Raise your hand if you think it’s a swell idea to give an oligarch sole power to decide who wins battles during wars such as the one Ukraine is fighting against Russia.
Plus the power to decide what can be said on the Internet and to control development of our nation’s transportation, communications, energy and space systems — and, perhaps, artificial intelligence.
Isn’t this too much of a good thing?
We are speaking of Elon Musk, the world’s richest man, who drove the electric vehicle revolution. We thank him for this service.
Musk is a man of many troubling parts and peculiar passions. But let’s not go there.
Let’s go here:
Today our government finds itself in an unprecedented state of dependence on the whims of one famously erratic billionaire for much of what’s needed to defend our nation and keep its economy running.
“There is only one thing worse than government monopoly. And that is a private monopoly that the government is dependent on,” former NASA administrator Jim Bridenstine told The New Yorker’s Ronan Farrow in a recent article describing Musk’s “shadow rule.”
Private monopolies — surprise! — have the power to hold governments hostage.
The table was set for Musk’s accrual of power in the 1980s when Ronald Reagan privatized, and thus profitized, our governments’ essential functions.
NASA, the departments of defense and of transportation, the Federal Aviation Administration and the Occupational Safety and Health Administration are among government entities where Musk’s influence has become inescapable, Farrow reports, “and several of them now treat him like a sort of unelected official.”
Meddling in war
Musk shut off the Ukrainian military’s free access to his 4,500-satellite Starlink communications system when its military launched an attack on the Russian navy off Crimea, a new biography by Walter Isaacson reports. As a result, that naval attack failed. Farrow adds that Starlink service also went dark in five cities where battles were ongoing, forcing Ukrainians to retreat.
Musk then proposed his own “peace plan” giving Russia Crimea and told the United States that if it didn’t pay him $400 million to keep it going, he’d shut Starlink off in Ukraine.
As Starlink’s owner, Musk acted within his rights. Which is why it would be ever so much more convenient if We The People’s military had its own Starlink system rather than being held in thrall to an unaccountable, unelected, undependable oligarch.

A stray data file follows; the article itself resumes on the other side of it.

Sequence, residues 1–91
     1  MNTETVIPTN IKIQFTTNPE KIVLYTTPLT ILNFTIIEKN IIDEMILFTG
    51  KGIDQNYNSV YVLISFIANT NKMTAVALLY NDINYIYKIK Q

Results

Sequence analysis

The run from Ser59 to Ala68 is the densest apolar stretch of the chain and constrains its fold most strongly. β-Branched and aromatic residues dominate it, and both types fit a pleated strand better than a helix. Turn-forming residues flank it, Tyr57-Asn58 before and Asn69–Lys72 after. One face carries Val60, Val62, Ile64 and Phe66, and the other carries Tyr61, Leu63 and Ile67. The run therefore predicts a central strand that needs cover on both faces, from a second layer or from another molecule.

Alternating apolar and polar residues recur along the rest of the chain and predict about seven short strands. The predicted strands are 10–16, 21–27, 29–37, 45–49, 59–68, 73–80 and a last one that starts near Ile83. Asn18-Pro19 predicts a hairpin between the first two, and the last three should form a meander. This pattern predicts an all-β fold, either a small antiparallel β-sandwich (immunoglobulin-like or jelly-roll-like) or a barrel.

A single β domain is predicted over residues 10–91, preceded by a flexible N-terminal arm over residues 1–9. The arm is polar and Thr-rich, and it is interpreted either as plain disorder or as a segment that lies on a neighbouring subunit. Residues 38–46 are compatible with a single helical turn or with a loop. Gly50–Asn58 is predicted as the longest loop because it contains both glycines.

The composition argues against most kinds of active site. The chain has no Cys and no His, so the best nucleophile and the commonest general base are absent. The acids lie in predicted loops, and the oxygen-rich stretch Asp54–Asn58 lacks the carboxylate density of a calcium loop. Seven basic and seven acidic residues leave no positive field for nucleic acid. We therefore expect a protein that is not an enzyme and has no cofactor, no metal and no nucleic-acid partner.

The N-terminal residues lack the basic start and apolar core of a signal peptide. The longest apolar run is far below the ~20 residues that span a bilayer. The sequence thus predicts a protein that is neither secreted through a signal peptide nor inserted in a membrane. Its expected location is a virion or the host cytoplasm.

Musk now provides Starlink technology in Ukraine under contract with the U.S. military. He claims he cut off Ukrainian access because he became worried that Vladimir Putin would retaliate with atomic weapons. Or was he worried about harming business prospects with China?
Musk in any case disabled Starlink coverage on the Crimean coast without telling the Ukrainians. They were “now going too far and inviting strategic defeat,” Musk imperiously declared.
Yale historian Timothy Snyder argues that Musk’s unilateral decision to cripple the Ukrainian military only “increased the chances of nuclear war” because Musk chose “to give in to the nuclear blackmail, thereby encouraging more of it.”
Even Musk himself asked Isaacson: “How am I in this war?” Musk said he had expected Starlink to be used only for entertainment and peaceful purposes.
Saved by Elon?
There’s a common thread of profound naivete that runs through the stories of tech oligarchs. Consider Mark Zuckerberg’s deer-in-the headlights demeanor when it finally seemed to dawn on him that his friendly Facebook had morphed into a socially destabilizing monster.
It is said of Musk, a devotee of science fiction, that he has a hero complex. “Elon desperately wants the world to be saved. But only if he can be the one to save it,” says Sam Altman, CEO of OpenAI.
Meanwhile, Musk thrives on taxpayer largesse. His SpaceX rocket is the only way NASA can get its crews aboard the International Space Station. Previously we relied on … um … Russia for this service.
How about building our own rockets, people? Hello?
Musk’s Tesla “seeded so much of the country with its proprietary [EV] charging stations that the Biden Administration relaxed an early push for a universal charging standard disliked by Musk,” Farrow reports. Musk did agree to make his super-fast chargers available to all makes of vehicles.
However, his chargers siphon up much more user and vehicle data during recharges than others do, according to Adam Rogers at Business Insider. He predicts ownership of this data may become a more valuable commodity for Musk than his vehicles.
Musk decides for the Pentagon whether its officials can tell you about the military’s dealings with him. A Pentagon spokesman told Farrow that he would arrange an interview regarding the Pentagon’s relationship with Musk only if Musk agreed. “We’ll talk to you if Elon wants us to,” he said.
Say what? When did “Elon” buy our military?
Promising “free speech” reforms, Musk bought Twitter and turned it into X, proclaiming: “I believe free speech is a societal imperative for a functioning democracy.”
“This is flimflam,” Harvard historian Jill Lepore tartly responded in The New Yorker:
“Twitter never has and never will be a vehicle for democratic expression. It is a privately held corporation that monetizes human expression and algorithmically maximizes its distribution for profit, and what turns out to be most profitable is sowing social, cultural, and political division …
“Nor has Elon Musk, at any point in his career, displayed any commitment to either democratic governance or the freedom of expression.”
Solveig Torvik lives near Winthrop.